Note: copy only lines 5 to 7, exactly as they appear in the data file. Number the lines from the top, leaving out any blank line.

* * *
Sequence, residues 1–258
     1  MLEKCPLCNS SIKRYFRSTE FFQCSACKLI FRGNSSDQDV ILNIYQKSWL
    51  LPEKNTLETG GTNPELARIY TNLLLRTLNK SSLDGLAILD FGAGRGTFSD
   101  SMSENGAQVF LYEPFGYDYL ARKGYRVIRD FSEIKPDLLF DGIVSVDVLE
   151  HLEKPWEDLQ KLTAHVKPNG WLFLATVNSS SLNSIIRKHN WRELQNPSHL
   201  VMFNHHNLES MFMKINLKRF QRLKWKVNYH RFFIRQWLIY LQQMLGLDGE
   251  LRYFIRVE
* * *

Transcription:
   151  HLEKPWEDLQ KLTAHVKPNG WLFLATVNSS SLNSIIRKHN WRELQNPSHL
   201  VMFNHHNLES MFMKINLKRF QRLKWKVNYH RFFIRQWLIY LQQMLGLDGE
   251  LRYFIRVE